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Downtown LA Stakeholders Hoping For Rosier Future In Changing Economy, New Administration

Allen Matkins' Alain R'bibo, Weingart Center's Tonja Boykin, UMTB's Ryan Park, Silverstein Properties' Marty Burger

Downtown Los Angeles is still recovering from the effects of the coronavirus pandemic, a struggle that is perhaps most starkly visible in its offices.

Offices in the Los Angeles metro area averaged less than 50% of pre-pandemic occupancy last week, keycard company Kastle Systems found. On some days Downtown, it seems like even that estimate could be high. 

But Silverstein Properties CEO Marty Burger, whose company owns the 72-story U.S. Bank Tower Downtown, is optimistic that, out of a desire for collaboration and job security, people will return. 

"We looked at downtown New York and how that rebounded from 9/11, and we saw a lot of the same features in Downtown LA that we had in New York: good transportation, young people who wanted to move Downtown, people living where they work so they could walk to work," Burger told the audience at Bisnow's Downtown Los Angeles CRE Market Update event on March 28 in U.S. Bank Tower. 

Silverstein Properties has reason for optimism. It bought the tower in 2020, paying $430M, then spent $60M on upgrades to the space. 

Though office returns are happening slowly, Burger suggested, as other CEOs have, that the layoffs that have hit some of tech and media's top companies are working in landlords' favor.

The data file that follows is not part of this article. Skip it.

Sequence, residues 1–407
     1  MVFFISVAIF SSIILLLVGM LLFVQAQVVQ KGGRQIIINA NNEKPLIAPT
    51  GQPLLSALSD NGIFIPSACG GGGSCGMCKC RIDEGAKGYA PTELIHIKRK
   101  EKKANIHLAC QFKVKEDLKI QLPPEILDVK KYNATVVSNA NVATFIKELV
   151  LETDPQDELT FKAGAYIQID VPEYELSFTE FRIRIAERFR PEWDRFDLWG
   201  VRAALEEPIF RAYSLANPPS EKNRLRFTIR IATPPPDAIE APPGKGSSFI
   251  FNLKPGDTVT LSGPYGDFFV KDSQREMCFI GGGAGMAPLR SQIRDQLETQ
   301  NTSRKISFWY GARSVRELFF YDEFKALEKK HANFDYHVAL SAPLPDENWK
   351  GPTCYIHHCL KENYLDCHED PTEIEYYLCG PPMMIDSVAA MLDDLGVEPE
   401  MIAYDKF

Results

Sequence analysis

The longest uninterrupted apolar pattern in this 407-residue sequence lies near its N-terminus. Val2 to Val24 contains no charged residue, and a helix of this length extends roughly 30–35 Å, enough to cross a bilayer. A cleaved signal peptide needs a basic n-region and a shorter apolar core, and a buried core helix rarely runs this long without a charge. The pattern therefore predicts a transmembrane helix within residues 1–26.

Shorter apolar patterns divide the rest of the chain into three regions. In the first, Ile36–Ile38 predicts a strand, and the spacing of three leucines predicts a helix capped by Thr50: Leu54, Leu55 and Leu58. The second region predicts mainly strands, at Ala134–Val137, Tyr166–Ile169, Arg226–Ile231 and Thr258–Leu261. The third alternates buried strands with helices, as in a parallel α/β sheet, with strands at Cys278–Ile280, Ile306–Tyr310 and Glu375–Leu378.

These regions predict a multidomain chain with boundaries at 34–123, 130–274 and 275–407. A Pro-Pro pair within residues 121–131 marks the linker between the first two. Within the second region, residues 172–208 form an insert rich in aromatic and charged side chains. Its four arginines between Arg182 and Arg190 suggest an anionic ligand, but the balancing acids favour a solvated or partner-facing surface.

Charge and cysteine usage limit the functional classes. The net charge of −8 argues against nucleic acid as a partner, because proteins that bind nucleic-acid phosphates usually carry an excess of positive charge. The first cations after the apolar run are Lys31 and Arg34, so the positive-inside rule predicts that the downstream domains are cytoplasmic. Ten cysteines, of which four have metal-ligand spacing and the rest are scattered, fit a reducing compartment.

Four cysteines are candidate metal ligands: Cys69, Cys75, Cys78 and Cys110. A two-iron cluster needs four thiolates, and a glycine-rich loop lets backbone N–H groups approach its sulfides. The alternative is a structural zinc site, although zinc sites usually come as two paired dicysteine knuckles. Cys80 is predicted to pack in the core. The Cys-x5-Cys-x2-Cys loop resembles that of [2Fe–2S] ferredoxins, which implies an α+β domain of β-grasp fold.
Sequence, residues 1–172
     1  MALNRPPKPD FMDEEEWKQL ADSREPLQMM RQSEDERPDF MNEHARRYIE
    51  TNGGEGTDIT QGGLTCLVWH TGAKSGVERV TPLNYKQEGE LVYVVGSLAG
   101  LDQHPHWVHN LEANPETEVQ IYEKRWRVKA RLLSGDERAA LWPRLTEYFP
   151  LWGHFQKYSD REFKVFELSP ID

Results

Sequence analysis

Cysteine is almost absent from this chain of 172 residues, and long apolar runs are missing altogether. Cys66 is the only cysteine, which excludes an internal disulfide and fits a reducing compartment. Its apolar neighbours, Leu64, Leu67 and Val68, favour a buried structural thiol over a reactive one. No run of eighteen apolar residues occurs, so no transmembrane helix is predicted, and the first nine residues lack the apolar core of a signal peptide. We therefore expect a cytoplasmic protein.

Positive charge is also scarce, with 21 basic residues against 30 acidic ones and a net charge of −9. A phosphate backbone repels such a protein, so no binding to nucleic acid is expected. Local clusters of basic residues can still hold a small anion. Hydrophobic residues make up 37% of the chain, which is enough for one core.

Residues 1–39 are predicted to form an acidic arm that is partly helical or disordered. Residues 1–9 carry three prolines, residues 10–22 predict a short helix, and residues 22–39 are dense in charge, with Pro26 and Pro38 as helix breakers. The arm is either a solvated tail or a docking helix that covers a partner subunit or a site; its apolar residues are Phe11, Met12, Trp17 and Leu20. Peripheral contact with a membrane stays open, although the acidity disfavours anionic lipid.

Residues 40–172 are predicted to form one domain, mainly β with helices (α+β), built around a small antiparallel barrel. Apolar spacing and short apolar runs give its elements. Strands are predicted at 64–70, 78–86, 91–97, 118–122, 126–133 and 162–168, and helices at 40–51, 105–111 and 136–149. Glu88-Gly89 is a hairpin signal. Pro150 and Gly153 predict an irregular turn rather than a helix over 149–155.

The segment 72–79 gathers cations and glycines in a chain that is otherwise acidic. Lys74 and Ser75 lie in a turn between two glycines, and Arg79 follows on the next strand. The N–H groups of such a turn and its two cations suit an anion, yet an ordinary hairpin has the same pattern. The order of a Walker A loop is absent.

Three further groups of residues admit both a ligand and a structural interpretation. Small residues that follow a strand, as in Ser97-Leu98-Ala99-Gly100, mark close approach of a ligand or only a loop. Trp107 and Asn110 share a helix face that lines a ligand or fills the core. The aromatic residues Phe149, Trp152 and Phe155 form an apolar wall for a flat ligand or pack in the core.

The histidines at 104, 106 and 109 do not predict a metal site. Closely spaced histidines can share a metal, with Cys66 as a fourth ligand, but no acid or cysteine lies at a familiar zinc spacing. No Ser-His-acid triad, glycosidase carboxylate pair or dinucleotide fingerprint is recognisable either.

In Silverstein's 4 World Trade Center in New York City, Spotify occupies about 700K SF. The tower was maintaining a roughly 22% occupancy rate, Burger said, until announcements that layoffs were coming began to make the rounds. 

"The next day 77% of people showed up to work," Burger said. 

Workers overall are not going to be in the office exactly as they were before, Burger conceded.

"But nothing beats, you know, being in an office together in a collaborative environment, and I think everyone's finally realizing that," he said. 

But as moderator and Allen Matkins partner Alain R'bibo noted, one thing that has caused his firm's Century City office to see workers return in greater numbers than in Downtown were concerns around safety, about Downtown's unhoused population and a lack of amenities on the ground floor. 

The subject of people experiencing homelessness and concerns about crime were touched on by speakers throughout the event. Though many categories of crime were down at the end of 2022 in Los Angeles citywide, the Los Angeles Times reported, robberies and property crimes in Downtown rose, according to LAPD statistics.

Weingart Center Chief Operating Officer Tonja Boykin said Mayor Karen Bass' executive directive to hasten the construction of fully affordable housing in the city is already working.

One element of the directive is it mandates that departments reviewing applications for 100% affordable developments complete those reviews within 60 days, rather than the six to nine months they would normally take, the Los Angeles Times reported.

"We're moving faster than ever," said Boykin, whose organization builds supportive and affordable housing. "The fact that we've made this move now means that we can do things quickly, we can help more people."